“We just focused on ourselves and believed in ourselves. That’s all we really needed. Obviously, winning is so much fun, and I feel like when you win with such great girls – they’re probably one of my 25 best friends. It was just so much fun winning with them, and even losing with them – it was so much fun.”
Gallagher has been playing competitive soccer since she was in first grade. It was love at first kick for the West senior.
“I love the game, and it’s so much fun to play,” said. “I really liked how it was a team sport, and you can win or lose as a team.
“Something about it – I used to play basketball too, but I quit basketball because I liked soccer so much better. I liked how it was 1-0 or 2-0 games. I just like the game. I never got tired of it.”
A center back after a brief stint at forward when she was a youngster, Gallagher was a rock on the Bucks’ backline.
“She was always good,” said Moyer, an assistant at West before taking over the helm. “What made her stand out was her knowledge of the game.
“She always knew how to take good angles and was a leader even in her younger years, and that’s why she was a captain her senior year. Being our center back, she saw the whole field. She was the quarterback, so to speak. The girls respected her, they listened to her and they got better because of her.”
After an opening round bye, the Bucks saw their successful season come to an end in a 1-0 loss to Penncrest in the second round of the District One 4A Tournament.
“It was so hard to see it end,” Gallagher said. “We were all bawling our eyes out at the end of the game.
“It’s really tough to let something go, especially after such a good season. It was really hard, but all of us seniors – we leave behind such a legacy because we’re the ones to get (the program) back in shape.”
Making the ending even harder was the realization that her days of playing competitive soccer just might be over for Gallagher, who has not ruled out the possibility of playing club or intramural at the collegiate level.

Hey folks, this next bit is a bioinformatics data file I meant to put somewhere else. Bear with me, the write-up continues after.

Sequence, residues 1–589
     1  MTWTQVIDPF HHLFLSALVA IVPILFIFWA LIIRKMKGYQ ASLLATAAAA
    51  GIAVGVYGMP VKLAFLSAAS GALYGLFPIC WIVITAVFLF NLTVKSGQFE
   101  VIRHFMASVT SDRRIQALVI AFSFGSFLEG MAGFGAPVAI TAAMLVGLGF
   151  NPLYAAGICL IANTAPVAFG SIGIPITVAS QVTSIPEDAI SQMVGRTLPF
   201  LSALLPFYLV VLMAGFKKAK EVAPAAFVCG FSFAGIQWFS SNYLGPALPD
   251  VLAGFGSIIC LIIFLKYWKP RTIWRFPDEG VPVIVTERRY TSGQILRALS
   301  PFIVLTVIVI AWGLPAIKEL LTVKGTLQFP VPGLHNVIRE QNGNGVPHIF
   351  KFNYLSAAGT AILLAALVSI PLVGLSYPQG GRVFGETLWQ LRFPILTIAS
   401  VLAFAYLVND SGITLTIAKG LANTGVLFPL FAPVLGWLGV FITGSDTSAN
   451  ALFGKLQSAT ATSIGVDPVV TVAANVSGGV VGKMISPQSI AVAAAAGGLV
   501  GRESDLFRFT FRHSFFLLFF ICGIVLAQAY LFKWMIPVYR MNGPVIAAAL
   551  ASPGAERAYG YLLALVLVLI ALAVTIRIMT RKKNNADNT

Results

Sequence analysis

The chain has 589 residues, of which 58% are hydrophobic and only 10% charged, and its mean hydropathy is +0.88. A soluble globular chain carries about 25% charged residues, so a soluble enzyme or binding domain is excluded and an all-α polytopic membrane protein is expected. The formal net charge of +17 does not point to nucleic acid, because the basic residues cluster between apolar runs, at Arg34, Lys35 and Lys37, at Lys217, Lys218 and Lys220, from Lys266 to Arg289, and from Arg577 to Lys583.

Soccer is just one small piece of Gallagher’s busy life. An excellent student, she was a member of the Key Club as a sophomore and junior, enjoying the opportunity to volunteer within the community.
“One of the main places I volunteered was the Green Leaf Nursing Home,” she said. “I really liked it there. Some people don’t like to be in an older environment, but they would always tell me stories about their background and their struggles. It was nice to talk to people.”
She has also volunteered at Bucks County Children’s Museum, and she is involved with Best Buddies, working with special needs students.
“We have things like holiday parities, we threw a prom last year,” Gallagher said. “We just talk to them and have a good time.”
Gallagher also is involved with Rise Against Hunger, an organization that packages and donates food to those in need.
“Meghan is such a good person off the field,” Moyer said. “Everybody sees what she does on the field, but I see what she does on and off the field.
“She volunteers, she comes from a great family, and she’s kind of like the team mom. She’s always organizing pasta parties, sleepovers, team bonding. She’s just a really likable person.”
Gallagher, who has her sights set on a business major, is looking to attend a large school when it comes time to choose a college, and although her high school sporting days are over, Gallagher walks away with nothing but good memories.
“I could not imagine high school without soccer,” she said. “It’s such a big part of high school. I wouldn’t have met some of my closest friends now if I didn’t play. I just think it makes me a better person in general because it shapes who you are.”